Three European supervisory authorities (ESAs) were formed as part of the European Union banking reforms following the financial crisis. The ESAs are part of the ESFS (European System of Financial Supervision) together with the national regulators and the ESRB (European Systematic Risk Board). Each is a separate legal entity with significant autonomy.
The ESAs are designed to address systematic risks. Governance of the ESAs is by a management board comprised of the chairman and six members of the board of supervisors, chairperson an executive director and a board of supervisors comprising heads of the national competent authorities chaired by the chairperson.
The ESAs are not rule-making bodies but support coordination and convergence. They have various instruments at their disposal pursuant to the ESA regulation and related directives. They have advisory powers and powers to address decisions to participants in the financial markets in some exceptional cases.
- support a common supervisory culture
- engage in peer review
- foster coordination and convergence of supervisory practices.
They have powers in exceptional circumstances to intervene to ensure compliance with regulations. In emergency circumstances, they may require national regulators to take action to respond to developments
They have the power to propose binding rules and technical standards for adoption by the Commission by way of delegated administrative rules.
The European Systematic Risk Board was established in 2010. Its function is to provide macro-prudential oversight of the financial system within the EU. Its main task is to prevent and mitigate systematic risk which might prejudice the stability of the Euro / EU.
Its decision-making body the general board comprises 61 voting and non-voting members including governors of national central banks, the president and vice president of the ECB, member of the Commission and chairpersons of the ESAs.
The board must, in particular,
- determine and collect information necessary for its action
- identify systematic risks and prioritize them
- issue warnings and make them public if necessary
- recommend measures to be taken once risks have been identified
The body comprises a general board, a steering committee, a secretariat and advisory scientific committee and an advisory technical committee.
The President of the ECB chairs the ESRB for a term of five years. He is assisted by two joint chairs, the first of which is elected by and from the general council of the ECB while the other is the chair of the joint committee.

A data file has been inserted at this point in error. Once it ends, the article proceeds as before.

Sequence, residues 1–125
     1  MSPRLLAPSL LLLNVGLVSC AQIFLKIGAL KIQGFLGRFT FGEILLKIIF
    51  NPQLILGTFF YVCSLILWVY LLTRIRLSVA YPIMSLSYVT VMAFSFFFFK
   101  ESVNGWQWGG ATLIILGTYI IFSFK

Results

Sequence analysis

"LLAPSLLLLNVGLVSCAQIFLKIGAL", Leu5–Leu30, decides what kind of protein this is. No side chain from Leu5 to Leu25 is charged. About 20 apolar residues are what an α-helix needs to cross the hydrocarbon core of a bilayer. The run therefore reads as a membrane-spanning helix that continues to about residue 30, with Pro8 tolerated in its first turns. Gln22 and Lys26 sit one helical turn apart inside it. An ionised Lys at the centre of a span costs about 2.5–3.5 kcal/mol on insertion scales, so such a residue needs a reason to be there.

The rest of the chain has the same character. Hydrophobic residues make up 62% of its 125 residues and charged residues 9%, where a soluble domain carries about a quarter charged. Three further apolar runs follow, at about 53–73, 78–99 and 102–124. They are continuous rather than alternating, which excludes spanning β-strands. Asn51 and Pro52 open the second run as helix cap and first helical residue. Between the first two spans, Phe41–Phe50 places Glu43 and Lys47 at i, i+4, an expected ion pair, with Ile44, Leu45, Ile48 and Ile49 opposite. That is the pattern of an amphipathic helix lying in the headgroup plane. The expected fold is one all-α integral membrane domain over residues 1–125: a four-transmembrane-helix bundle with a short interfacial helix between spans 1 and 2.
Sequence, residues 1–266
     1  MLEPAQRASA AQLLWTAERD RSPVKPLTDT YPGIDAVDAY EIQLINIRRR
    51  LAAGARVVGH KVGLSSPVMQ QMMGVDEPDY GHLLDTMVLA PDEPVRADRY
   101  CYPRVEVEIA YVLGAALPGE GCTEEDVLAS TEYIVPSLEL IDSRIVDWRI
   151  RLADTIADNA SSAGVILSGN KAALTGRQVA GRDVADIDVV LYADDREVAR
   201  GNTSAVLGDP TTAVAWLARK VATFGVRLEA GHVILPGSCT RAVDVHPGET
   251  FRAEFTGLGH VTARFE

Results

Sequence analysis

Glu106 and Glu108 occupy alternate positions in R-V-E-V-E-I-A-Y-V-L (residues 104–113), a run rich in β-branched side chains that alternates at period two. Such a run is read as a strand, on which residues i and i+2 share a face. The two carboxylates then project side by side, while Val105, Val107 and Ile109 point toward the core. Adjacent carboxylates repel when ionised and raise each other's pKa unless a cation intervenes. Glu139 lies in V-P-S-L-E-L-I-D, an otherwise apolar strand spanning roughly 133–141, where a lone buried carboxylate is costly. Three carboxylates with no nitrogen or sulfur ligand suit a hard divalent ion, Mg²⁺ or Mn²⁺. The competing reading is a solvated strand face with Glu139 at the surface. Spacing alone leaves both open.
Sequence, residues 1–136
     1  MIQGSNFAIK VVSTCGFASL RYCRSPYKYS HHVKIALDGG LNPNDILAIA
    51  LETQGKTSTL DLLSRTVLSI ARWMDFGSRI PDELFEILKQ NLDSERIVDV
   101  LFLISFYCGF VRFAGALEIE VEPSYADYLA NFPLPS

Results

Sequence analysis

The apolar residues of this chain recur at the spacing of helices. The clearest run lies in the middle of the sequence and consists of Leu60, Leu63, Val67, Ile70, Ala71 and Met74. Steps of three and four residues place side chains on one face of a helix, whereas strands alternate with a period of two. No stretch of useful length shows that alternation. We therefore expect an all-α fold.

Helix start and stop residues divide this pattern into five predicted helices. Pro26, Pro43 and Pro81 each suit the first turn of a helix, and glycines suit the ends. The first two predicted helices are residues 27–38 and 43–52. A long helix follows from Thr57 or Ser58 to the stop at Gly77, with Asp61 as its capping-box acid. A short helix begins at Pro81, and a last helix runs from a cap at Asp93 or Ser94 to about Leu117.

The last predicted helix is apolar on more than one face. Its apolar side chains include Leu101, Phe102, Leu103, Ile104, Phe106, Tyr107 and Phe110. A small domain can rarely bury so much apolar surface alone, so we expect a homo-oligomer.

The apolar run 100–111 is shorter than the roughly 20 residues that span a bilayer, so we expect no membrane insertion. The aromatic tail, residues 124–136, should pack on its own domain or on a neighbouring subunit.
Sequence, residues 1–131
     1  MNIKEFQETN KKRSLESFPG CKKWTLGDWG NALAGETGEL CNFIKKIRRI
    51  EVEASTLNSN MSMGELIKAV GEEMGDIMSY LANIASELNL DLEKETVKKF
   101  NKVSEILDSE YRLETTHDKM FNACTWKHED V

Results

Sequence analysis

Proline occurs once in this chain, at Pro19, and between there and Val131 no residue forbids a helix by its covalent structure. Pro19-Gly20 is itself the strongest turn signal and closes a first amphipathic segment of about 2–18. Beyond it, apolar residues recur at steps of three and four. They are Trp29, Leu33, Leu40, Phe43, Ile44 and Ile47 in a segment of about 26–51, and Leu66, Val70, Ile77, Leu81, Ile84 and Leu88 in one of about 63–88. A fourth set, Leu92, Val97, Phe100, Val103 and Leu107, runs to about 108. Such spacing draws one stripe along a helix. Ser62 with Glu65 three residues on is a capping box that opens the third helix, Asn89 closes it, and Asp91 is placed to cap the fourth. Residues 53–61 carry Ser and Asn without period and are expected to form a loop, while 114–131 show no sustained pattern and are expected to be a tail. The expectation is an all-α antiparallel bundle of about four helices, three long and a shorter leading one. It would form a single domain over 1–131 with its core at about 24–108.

The board may issue warnings and make recommendations concerning remedial action to be adopted. It may be addressed to the EU states, European supervisory authorities or national supervisory authorities.
Recommendations relating to measures to be adopted are to vary according to the level of the risk If its recommendations have not been followed, it shall inform the addresses to cancel on relevant the European supervisory authority concerned.
The objective of the ESMA is to safeguard the stability and effectiveness of the financial system. It operates principally in relation to the activities of firms offering investment services, auditing, corporate governance, financial reporting.
- contributes to the establishment of regulatory and supervisory standards and practices
- monitors and assesses the market in the areas of its competence
- assists protection of investors.
It has a leading role in developing regulation and implementing technical changes, issuing guidelines and recommendations and providing a centrally accessible database of financial institutions within its areas of competence. It also assists in consumer protection matters.
The authority consists of a board made up of heads of the competent national public authorities, representatives of the Commission, representatives of two other European supervisory authorities and representative of the ESRB.
The European Insurance and Occupational Pensions Authority was established by regulation in 2010. Its objective is to safeguard the stability and the effectiveness of the financial system. It acts in the areas of
- Insurance and reinsurance undertaking
- Insurance and intermediaries
- Institutions for occupational retirement provisions
- Corporate governance, financial reporting and auditing.
The authority is responsible for
- contribution to the establishment of regulatory and supervisory standards and practices
- monitoring and assessing the market and trends of the area of its competence
- fostering the protection of policyholders pension scheme and beneficiaries
It has the leading role in
- developing draft regulatory and implementing technical standards
- Issuing guidelines and recommendations
- providing a centrally accessible database of financial institutions in its area of competence.
It also has functions in relation to consumer protection.